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Random Reloading Thoughts

 Most books on reloading offer very good basic info on how to produce inexpensive and reliable reloads. The stuff here was not explained to me when I started reloading and I only found out about it from experience. Keep in mind that my reloading is mostly for feeding HiPower and Service Match Rifles, although this stuff would be applicable to almost any reloading situation.

The two views above are of my reloading area. It's just big enough for me, and has no TV, radio, wife or kids. I am to easily distracted and serious reloading requires a clear head and no distractions.

You can see that there is a lot of green (RCBS) and red (Hornady). RCBS costs a little more, in some cases twice as much, but this stuff lasts a lifetime, so that extra $100 figures out to less than $5 a year.

Although the hat in the bottom center of the bottom picture is covering a Dillon reloader.

I am going to include links to Midway for the items I am describing, I hope they work J .

 Above is an RCBS collet bullet puller. This is sold without the collets; five are shown above, one in the puller. The puller is installed in any standard press, just the same as a die, with the appropriate collet is inside the puller. A loaded round is placed in the shell holder, raised until the case mouth touches the collet, the collet tightened by turning the handle at the top, and the casing, minus the bullet, is lowered. This works much better and much faster than the impact style puller, doesn't damage the bullet, and leaves the powder inside the casing.

This is an RCBS bench primer. The best way to seat primers is with this OR a hand primer. Priming with a reloading press doesn't give you a "feel" for the way the primer is being seated and offers so much leverage that it is easy to damage the primer. It should be noted that the Lee hand primer requires special shell holders, while the RCBS hand primer uses the same holder as a press. Also, I don't want to be tied to a single brand of primer so I don't like the RCBS "ABS System"

This is the RCSB Competition die set. The resizing die is black, but other than that is seems like a standard die. But the seating die is another matter!

The seating die is mounted in a press, with either a standard shell holder, or in the case of shorter casings an extended shell holder (comes with the die set), the casing is raised, and the bullet is dropped into the "window" a la:

and the casing is raised until the bullet is seated. The big, round knob at the top allows adjusting seating depth in 0.001-inch increments without the need to loosen the die.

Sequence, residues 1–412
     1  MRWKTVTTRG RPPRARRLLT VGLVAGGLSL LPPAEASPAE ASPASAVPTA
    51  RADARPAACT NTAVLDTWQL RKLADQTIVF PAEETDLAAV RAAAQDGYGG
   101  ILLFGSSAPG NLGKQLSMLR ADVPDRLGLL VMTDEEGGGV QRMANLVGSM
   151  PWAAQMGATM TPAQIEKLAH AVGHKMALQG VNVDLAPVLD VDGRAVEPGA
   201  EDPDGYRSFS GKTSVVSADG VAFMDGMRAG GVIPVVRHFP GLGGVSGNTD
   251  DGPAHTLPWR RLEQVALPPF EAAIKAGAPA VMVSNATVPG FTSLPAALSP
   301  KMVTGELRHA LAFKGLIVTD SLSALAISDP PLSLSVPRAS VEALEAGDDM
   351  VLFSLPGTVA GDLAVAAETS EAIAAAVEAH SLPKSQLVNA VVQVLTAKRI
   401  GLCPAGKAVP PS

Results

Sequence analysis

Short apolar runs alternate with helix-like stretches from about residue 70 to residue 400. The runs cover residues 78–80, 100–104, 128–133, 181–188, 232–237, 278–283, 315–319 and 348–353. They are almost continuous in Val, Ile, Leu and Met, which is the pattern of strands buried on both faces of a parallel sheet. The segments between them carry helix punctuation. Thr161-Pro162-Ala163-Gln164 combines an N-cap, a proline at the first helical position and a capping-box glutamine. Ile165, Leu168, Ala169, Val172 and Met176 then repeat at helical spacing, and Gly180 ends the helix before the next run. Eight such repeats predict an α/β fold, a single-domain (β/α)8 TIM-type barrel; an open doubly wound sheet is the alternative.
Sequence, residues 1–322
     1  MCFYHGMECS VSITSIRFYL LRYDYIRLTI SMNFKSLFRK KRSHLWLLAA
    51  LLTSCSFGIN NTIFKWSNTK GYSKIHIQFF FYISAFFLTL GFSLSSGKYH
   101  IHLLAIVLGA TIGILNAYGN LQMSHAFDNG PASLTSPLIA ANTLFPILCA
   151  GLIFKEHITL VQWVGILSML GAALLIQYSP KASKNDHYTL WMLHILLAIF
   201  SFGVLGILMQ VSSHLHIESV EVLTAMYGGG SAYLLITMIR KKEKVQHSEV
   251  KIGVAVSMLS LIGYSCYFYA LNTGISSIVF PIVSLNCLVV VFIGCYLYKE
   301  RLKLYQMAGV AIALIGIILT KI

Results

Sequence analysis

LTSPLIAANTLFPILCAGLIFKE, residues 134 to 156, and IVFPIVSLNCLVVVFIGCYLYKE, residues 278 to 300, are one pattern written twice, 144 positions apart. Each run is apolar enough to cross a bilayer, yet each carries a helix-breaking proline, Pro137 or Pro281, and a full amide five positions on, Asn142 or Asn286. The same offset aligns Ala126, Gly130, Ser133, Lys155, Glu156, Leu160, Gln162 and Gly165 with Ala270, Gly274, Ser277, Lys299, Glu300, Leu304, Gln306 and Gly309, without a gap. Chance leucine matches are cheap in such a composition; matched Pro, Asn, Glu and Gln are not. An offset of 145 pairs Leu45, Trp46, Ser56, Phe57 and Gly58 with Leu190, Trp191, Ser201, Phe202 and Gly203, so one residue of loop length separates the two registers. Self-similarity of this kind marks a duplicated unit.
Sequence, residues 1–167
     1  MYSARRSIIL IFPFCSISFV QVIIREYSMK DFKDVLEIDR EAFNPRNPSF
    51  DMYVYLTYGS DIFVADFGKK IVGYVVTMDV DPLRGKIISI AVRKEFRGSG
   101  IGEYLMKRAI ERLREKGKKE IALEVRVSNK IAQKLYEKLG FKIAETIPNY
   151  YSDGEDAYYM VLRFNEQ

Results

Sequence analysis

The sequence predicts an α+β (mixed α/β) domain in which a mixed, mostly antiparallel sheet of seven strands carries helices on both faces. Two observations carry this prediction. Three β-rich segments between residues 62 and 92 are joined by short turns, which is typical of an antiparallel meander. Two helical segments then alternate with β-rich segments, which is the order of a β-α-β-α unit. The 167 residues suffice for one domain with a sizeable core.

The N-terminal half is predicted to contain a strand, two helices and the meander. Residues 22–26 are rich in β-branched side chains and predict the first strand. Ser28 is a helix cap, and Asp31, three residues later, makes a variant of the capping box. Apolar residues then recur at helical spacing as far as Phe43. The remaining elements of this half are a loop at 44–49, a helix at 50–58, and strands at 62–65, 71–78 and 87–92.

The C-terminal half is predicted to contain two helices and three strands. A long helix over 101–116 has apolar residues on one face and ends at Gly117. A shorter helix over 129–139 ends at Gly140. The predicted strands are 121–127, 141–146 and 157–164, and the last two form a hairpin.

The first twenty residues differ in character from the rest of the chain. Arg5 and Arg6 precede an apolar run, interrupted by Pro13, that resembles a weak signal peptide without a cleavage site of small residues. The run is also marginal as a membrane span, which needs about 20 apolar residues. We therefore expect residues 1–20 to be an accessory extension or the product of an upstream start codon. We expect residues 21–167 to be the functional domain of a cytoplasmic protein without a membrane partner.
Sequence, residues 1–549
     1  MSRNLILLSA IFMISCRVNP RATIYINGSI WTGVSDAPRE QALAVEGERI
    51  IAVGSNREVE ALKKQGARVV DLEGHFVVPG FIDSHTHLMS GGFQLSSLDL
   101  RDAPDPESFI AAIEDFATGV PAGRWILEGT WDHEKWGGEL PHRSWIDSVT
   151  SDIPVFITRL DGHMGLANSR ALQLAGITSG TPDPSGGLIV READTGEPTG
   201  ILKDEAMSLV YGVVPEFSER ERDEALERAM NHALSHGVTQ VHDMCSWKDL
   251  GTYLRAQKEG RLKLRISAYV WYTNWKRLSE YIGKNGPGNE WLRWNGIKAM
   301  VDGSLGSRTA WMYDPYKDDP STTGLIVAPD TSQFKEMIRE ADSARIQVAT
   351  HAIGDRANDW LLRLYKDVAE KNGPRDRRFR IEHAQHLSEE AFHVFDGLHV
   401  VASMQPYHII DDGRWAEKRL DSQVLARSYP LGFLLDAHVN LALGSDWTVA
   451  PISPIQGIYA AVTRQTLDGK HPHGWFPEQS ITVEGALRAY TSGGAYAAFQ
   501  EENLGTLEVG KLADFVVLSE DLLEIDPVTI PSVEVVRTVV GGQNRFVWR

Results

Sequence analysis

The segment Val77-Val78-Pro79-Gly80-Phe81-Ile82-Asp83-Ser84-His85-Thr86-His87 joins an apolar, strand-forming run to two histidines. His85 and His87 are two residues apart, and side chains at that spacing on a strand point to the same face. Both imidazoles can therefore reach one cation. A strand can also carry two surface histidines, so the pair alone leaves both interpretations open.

This is an electronic feeder and electronic scale. This one was sold by RCBS but I think it is identical to a PACT product. Just enter the desired weight and push a button, and it will dispense just the right amount and stop. I only use it for IMR "stick" powder as the powder drop system works very well with ball powder. See the Lee powder scoop in the lower right? Once I start the feeder, I carefully dump some powder into the scale pan and then the feeder just has to "top off" the load.

 If you reload a LOT of rounds, powder gets expensive! Bullets and primers seem to be a fixed, but expensive, cost, but surplus powder can reduce the cost of reloads by about half. I don't use "pull down" powder. Thatís the stuff recovered in the de-mil process, required by our government, when purchasing surplus, loaded ammo. I think it would make good blasting ammo though. I am talking about surplus powder from US military stocks, commercial over-runs, and foreign imports. This is sold on a bunch of levels, with Hogden and Accurate at the top, with fancy packaging and re-loading info, down to the people I buy from, in plain, not quite unmarked, containers. (Ever wonder why Accurate numbers powder from 1000 to 5000? It's because they can buy 500,000 lbs of powder, assign a number, like say 2200, and when that powder runs out, drop the number from their listing.) If your smart enough to work up loads, you can use surplus powders. Two of the best sources I have found are Pat McDonald and HiTech. (Allen is my brother.)

Maybe I'll add to these pages J . Be Safe!!!

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